China is unarguably the world’s manufacturing hub. It is a product of vision, strong leadership, discipline, meticulous planning, hard work, and resilience. Powered by visionary leadership, China is focused on modernisation and digital civilisation today. They achieved zero poverty society in 2021, number 2 in research and development globally in the past five years and above USD 3 trillion in reserves since 2011. The power of visionary leadership does not submit to excuses.

In contrast, historically, Nigeria was a product of colonisation and cannot lay serious claim to historic economic progress of any significance in Africa. It is a fact that Nigeria suffered the double whammy of slavery and colonialism and was just a property for subjugation by Britain. Its fight in the pre-colonial period was a fight for survival and statehood. Having been conquered culturally, religiously, and economically, Nigeria was gasping for air to breathe when Britain gave independence. The independence, by all ramifications, was just a paper victory, and the fight for freedom and prosperity started in 1960 when our leaders were clamouring for the dignity of the black man.

Post-1960s, much remained the same concerning leadership outcomes. Our leadership quality has even worsened and has since plummeted. Except for a handful, each subsequent leader plunges Nigeria more into the abyss. And Nigeria is in dire need of visionary leaders that will transform it like the Chinese leaders did to China. Who are our innovative and visionary leaders in the mould of Chairman Mao, Deng Xiaoping, and Xi Jinping? Who among our leaders has created a vision of economic growth based on productivity and put in place the structures and systems that will make it work? Unlike most Nigerian leaders, most Chinese leaders are long-term thinkers. Developing strategic thinking involves thinking about more significant macro issues, unlike the micro focus many tend to take in Nigeria. Strategic thinking means seeing how the world, the country and the broader economy will evolve and function. It also includes thinking long-term in contrast to near-term, our trademark in Nigeria.

Notably, in 1978, when China laid the foundations of economic emancipation, Nigeria’s per capita income was better than the Chinese. China’s per capita income was around $155 to $175. Nigeria’s per capita income was around $350 to $400. Nigeria’s per capita income was double that of China. In 2022, China’s per capita was $12,814, while Nigeria’s was $2184. This is over 10,000 USD more than Nigeria’s. It beggars belief! Since 1978, China’s per capita has increased by over 50 times by 2022, whilst Nigeria’s has increased marginally by five times. We don’t need to look further to identify the cause of this. What is our shared or common vision? China, from 1978, focused on Better Life and Prosperity for all. Leaders and strategy have changed, but every leader has yet to abandon this vision. We had Development plans at various times: Operation Feed the Nation, Green Revolution, Vision 2010, Vision 2035, and Vision 2050. What happened to all our long- and medium-term plans? Why did they fail, and did the Chinese succeed?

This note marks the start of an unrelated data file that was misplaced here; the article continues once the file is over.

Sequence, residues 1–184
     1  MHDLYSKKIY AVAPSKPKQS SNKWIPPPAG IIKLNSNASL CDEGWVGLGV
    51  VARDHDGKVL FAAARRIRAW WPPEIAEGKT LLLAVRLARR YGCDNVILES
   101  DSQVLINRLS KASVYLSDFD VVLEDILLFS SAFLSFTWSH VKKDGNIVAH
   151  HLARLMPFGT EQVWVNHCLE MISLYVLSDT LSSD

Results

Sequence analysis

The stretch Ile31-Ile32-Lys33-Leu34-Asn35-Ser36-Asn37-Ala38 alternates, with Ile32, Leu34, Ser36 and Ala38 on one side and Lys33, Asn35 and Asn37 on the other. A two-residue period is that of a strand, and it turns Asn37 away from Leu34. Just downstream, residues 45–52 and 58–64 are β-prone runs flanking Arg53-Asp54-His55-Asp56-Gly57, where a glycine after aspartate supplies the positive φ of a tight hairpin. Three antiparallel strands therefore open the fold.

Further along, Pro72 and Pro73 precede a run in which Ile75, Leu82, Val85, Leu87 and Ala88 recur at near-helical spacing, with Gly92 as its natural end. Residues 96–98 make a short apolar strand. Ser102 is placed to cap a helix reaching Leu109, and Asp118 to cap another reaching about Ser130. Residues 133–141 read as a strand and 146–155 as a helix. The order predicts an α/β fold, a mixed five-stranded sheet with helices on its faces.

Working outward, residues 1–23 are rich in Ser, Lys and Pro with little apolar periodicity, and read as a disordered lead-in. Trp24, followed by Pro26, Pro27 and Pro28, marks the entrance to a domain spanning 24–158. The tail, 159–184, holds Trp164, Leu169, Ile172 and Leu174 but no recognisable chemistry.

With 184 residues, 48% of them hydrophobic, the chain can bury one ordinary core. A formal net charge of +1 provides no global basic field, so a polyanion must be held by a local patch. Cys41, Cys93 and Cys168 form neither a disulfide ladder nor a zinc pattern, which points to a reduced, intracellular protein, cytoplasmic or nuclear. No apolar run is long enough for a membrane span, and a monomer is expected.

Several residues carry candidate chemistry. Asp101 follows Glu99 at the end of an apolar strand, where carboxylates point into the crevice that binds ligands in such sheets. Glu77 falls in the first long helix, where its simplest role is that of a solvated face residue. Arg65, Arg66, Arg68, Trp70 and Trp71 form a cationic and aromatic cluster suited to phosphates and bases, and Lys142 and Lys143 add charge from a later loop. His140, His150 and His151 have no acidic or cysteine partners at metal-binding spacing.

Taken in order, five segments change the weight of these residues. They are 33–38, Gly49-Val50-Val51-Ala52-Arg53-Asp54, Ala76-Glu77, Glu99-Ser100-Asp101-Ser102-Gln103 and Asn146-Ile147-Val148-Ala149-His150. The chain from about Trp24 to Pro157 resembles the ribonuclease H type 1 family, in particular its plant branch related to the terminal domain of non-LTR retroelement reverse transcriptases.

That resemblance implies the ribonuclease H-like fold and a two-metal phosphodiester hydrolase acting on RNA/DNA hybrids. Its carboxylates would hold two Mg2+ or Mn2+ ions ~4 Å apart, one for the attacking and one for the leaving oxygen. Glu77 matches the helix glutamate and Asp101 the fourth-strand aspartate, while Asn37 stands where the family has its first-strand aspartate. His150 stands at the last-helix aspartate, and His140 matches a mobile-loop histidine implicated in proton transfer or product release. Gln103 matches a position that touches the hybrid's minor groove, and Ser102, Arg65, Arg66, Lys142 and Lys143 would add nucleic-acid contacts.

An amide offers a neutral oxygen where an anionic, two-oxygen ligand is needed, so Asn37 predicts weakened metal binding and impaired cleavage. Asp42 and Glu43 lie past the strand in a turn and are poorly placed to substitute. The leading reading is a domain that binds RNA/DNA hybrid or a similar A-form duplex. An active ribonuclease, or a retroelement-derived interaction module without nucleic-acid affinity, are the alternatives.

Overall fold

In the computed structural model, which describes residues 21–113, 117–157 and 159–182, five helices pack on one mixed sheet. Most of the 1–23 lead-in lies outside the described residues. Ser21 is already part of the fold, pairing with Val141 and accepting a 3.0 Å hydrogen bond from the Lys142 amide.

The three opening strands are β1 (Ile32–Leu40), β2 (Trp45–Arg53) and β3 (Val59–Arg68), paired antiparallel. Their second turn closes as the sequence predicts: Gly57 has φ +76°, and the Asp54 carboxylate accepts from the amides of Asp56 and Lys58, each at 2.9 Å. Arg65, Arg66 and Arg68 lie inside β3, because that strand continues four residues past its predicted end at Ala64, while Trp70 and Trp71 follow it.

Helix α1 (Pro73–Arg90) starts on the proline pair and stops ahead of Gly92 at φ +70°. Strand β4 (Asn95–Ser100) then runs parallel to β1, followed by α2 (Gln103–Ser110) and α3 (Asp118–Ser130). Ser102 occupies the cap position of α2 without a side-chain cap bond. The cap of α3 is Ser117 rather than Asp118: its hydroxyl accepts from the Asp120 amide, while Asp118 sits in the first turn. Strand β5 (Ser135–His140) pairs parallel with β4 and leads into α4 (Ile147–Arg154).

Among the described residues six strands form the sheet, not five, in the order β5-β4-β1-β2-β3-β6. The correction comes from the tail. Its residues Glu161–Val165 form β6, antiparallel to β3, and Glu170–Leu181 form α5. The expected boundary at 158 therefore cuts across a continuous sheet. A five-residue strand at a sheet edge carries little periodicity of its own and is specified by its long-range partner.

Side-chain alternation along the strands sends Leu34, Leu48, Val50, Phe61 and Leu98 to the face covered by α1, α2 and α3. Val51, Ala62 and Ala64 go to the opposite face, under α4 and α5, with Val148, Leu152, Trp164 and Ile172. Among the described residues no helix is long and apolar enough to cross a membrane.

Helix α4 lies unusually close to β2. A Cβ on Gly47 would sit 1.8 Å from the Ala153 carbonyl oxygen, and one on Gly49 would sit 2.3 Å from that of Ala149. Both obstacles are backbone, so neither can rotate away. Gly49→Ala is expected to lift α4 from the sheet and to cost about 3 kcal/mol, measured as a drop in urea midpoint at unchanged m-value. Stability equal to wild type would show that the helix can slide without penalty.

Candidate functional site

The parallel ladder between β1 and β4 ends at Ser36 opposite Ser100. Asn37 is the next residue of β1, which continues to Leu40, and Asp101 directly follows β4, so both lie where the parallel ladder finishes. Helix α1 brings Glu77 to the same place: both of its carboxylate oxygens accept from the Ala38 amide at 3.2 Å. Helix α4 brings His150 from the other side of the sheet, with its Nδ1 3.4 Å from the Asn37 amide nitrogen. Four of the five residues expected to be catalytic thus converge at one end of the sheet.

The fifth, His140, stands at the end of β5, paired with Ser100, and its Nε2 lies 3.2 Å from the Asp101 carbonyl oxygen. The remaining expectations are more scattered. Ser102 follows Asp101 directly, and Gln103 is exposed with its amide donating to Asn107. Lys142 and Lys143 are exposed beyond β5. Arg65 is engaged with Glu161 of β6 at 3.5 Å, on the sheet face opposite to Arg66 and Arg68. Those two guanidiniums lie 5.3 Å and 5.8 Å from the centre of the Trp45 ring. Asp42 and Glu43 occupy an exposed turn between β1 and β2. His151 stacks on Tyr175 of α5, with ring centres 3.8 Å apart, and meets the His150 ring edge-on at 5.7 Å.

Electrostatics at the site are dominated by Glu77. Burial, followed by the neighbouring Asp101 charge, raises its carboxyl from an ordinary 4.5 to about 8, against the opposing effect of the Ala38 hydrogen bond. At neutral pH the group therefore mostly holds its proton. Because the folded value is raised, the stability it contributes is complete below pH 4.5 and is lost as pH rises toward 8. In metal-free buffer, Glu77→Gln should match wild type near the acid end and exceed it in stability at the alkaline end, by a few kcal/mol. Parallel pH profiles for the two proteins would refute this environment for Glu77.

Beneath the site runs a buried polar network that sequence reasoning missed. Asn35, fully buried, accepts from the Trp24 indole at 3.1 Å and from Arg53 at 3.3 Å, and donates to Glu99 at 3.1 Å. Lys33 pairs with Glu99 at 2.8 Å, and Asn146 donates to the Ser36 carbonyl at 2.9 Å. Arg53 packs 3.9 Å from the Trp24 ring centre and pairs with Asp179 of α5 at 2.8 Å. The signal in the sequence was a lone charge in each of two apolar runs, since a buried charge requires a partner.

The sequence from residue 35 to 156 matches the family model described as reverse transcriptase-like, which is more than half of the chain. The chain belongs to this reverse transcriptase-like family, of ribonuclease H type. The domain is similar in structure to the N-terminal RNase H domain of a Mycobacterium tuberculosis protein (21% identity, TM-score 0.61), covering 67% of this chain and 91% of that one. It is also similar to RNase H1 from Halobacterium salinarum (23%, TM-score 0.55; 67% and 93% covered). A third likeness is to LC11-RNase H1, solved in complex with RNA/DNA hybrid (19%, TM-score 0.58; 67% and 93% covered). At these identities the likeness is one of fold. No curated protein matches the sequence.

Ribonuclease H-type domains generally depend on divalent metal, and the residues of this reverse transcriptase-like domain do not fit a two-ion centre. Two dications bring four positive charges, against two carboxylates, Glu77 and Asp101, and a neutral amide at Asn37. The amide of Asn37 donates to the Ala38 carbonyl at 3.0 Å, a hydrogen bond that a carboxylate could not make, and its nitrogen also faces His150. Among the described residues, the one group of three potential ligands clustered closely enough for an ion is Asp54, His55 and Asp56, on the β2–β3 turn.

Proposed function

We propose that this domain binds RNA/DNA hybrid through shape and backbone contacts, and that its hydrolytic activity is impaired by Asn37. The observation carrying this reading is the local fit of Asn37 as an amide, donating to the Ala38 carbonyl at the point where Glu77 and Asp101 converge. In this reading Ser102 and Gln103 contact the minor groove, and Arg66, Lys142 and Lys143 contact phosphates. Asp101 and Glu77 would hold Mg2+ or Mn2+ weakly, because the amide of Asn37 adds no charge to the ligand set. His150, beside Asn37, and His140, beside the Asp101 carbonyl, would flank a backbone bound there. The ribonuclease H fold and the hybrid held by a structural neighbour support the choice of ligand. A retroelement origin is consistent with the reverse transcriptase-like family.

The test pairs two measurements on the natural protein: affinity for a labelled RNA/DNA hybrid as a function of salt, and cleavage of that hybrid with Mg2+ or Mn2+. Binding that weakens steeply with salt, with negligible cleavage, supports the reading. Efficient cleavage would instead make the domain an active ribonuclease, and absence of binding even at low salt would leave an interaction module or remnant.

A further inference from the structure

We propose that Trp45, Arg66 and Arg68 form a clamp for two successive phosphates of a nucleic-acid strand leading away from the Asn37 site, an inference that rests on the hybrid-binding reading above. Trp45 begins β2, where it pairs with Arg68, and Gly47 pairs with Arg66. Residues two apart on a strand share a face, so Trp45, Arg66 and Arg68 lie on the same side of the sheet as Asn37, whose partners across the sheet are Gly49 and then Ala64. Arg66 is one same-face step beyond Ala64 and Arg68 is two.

China’s economic growth is a multifaceted force reshaping the world order in complex ways. It challenges existing norms and global power structures, creates new opportunities in business, supply chain, technology and innovation. China’s  growing influence has forced countries, especially in Africa, to navigate a changing geopolitical and resource control landscape. How these implications unfold will depend on the strategies and policies adopted by China and other countries in response to this evolving global dynamic. China’s hard and soft power is evident, and the world has taken notice. Besides, China is vying for global economic pre-eminence with the US but has no economic comparative advantage yet. However, the leadership factor puts it at a strategic advantage because of its unique one-party authoritarian model that aggressively pushes for growth and defies the hitherto philosophy that economic advancement is impossible outside the Western democratic and capitalist model.

Nigeria needs more focused economic planning, a clear and achievable vision and goals, and a clear understanding of its position in the emerging New World Order. In this Order, capital and economic development is premium. The core lesson from the China experiment is that pragmatic and visionary leadership makes a tremendous difference in economic growth. Nigeria needs such now more than ever. Our new president has a date with history to map a course that makes him such a leader. History beckons.


Dark chapter for the Judiciary 



By Dakuku Peterside

In 1961, the Prime Minister of Nigeria, Abubakar Tafawa Balewa, enjoined Justice Adetokunbo Ademola to “never waiver from the truth” and charged him that if he committed a crime and was brought before the justice, he should send him to jail. Balewa understands the importance of judicial independence and the integrity  of the judges in fostering an enduring democracy. He understands that the Judiciary in our democracy is the third estate of the realm, the interpreter of the law, the common man’s last hope and the society’s conscience. It  serves as checks and balances of the executive and the legislature while adjudicating criminal and civil matters within the society, punishing offenders, and protecting citizens . The judges who preside in Courts and the lawyers who prosecute or defend their clients ought to be impartial, upright, diligent, consistent, and open in whatever they do because their character is public property. The judges are the cynosure of the adjudication system and are expected to live above board. This is the ideal. However, this is too far from our current reality.